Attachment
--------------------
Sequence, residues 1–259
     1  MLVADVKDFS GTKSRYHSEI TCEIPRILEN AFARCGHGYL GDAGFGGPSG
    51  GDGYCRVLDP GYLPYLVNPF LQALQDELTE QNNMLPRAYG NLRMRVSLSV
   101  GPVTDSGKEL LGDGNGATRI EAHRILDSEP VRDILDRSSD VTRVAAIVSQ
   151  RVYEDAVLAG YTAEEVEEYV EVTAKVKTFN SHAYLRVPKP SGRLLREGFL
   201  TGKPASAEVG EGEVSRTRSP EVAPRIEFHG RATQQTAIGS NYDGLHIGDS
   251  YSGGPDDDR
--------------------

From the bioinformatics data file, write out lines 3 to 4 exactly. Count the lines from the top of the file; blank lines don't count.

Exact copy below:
    51  GDGYCRVLDP GYLPYLVNPF LQALQDELTE QNNMLPRAYG NLRMRVSLSV
   101  GPVTDSGKEL LGDGNGATRI EAHRILDSEP VRDILDRSSD VTRVAAIVSQ